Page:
The US jobs report for February is here and it looks like the strong start to the year has already begun to slow. Indeed, hiring in the United States was actually its weakest in more than a year, on the heels of nonfarm payrolls posting very disappointing numbers. Economists had originally forecast 185,000 new jobs would be added in February, but nonfarm payrolls only jumped by 20,000 while construction jobs fell by 31,000.
Obviously, some hectic weather made this winter particularly tough for workers, but all sectors took a hit. As a matter of fact, United States Department of Labor report that some-390,000 people had issues commuting to work in February, after the relatively mild January (that also followed an equally dramatic December). Indeed, it was not only leisure and hospitality businesses that saw decline: even education and health services had a weak month. Actually, leisure and hospitality hiring showed zero change after adding 410,000 jobs over the course of the past year.
The manufacturing sector added a measly 4,000 after five times more than this in January. Similarly, health care jobs grew by 21,000 while professional and business services added double that.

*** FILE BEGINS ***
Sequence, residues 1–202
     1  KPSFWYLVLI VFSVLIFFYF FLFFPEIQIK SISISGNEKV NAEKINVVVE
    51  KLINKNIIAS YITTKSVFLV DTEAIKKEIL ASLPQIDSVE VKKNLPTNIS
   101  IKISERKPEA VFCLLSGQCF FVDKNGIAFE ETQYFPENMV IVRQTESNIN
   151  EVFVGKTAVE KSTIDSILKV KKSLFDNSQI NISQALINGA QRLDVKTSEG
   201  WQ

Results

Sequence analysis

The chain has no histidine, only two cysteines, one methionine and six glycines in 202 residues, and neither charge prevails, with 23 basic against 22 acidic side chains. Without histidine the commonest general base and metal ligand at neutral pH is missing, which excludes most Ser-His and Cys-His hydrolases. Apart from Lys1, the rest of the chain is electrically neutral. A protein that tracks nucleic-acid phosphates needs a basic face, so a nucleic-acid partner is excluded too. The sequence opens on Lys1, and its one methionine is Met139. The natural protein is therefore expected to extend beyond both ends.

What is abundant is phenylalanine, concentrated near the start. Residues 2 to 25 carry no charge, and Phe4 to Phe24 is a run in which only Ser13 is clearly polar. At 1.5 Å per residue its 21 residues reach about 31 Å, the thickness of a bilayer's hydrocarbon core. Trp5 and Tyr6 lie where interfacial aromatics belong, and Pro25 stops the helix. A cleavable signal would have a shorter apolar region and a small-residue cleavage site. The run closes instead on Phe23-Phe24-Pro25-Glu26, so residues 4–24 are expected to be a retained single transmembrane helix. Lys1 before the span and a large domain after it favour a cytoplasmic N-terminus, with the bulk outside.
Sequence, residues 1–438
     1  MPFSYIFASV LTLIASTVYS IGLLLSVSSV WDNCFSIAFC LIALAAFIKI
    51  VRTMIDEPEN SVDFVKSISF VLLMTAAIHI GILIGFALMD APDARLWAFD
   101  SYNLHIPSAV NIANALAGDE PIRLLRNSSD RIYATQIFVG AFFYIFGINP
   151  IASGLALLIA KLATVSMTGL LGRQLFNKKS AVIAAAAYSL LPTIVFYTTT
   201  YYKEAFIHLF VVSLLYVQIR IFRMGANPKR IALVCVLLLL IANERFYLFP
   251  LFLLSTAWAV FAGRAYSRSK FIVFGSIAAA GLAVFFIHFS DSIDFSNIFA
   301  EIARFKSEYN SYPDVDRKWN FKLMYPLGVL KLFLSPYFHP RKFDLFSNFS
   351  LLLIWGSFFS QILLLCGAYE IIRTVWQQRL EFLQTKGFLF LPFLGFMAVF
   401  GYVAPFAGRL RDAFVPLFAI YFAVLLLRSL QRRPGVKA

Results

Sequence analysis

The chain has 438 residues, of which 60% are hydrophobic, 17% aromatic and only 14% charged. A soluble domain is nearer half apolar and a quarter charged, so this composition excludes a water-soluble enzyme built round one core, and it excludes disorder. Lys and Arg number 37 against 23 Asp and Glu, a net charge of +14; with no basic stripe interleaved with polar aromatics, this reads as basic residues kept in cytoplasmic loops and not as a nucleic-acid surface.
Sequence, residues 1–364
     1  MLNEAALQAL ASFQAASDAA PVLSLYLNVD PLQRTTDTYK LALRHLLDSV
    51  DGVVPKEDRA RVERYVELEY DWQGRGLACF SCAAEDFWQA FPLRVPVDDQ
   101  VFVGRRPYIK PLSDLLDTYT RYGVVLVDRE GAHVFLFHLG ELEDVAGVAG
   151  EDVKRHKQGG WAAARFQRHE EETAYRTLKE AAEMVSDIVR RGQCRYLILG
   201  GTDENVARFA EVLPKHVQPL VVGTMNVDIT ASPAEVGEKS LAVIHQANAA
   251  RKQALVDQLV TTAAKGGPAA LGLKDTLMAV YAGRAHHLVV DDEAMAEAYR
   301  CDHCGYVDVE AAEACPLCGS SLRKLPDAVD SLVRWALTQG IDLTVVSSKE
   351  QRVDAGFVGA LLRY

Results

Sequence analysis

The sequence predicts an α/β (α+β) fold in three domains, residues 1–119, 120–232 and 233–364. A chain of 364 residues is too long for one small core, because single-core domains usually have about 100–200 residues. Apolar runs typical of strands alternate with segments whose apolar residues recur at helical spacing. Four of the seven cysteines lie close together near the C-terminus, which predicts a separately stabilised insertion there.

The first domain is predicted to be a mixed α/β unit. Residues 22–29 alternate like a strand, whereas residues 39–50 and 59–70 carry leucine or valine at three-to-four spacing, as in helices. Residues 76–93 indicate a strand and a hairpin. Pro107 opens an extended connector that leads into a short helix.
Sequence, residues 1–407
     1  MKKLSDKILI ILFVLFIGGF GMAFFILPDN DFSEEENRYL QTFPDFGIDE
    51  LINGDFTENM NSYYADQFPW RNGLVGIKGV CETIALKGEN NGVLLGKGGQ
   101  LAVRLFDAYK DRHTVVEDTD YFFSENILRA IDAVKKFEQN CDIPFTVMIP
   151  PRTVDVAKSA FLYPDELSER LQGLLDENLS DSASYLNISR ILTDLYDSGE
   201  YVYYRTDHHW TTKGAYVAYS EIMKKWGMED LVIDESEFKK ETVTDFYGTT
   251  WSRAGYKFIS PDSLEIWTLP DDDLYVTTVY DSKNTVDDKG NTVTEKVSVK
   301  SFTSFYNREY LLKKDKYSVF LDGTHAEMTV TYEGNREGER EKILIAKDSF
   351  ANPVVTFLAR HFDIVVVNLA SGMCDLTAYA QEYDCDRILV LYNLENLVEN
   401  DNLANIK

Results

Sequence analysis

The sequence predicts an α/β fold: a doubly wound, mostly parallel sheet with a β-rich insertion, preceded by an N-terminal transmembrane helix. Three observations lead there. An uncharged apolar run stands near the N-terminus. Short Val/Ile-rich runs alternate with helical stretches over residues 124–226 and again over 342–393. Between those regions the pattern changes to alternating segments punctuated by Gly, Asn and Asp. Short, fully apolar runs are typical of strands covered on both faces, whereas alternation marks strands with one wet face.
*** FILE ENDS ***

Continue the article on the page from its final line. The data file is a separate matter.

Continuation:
Perhaps the only real set of good news from this month’s jobs report is that those who are finding work are making a little more than before. It seems average hourly earnings rose by 3.4 percent over the previous year, which is better than what had been anticipated. In addition, the jobless rate in the US dropped—at about the same rate, 3.8 percent—which is its lowest in nearly fifty years.
But even if the numbers are lower—far lower—than what had been expected, we are still looking at more than 100 consecutive months of job growth. The smaller numbers, though, could indicate that the pool of available workers may finally be thinning.
At the same time, very unstable international economic data has rocked the stock market and with uncertain political and trade relationships with other countries—particularly China—it is not easy to anticipate what the future holds. For example, many economists argue that a recession is inevitable while some say that the dramatic slowing in hiring is a sure sign that the economy is bottoming out, and that means the recovery is on the way.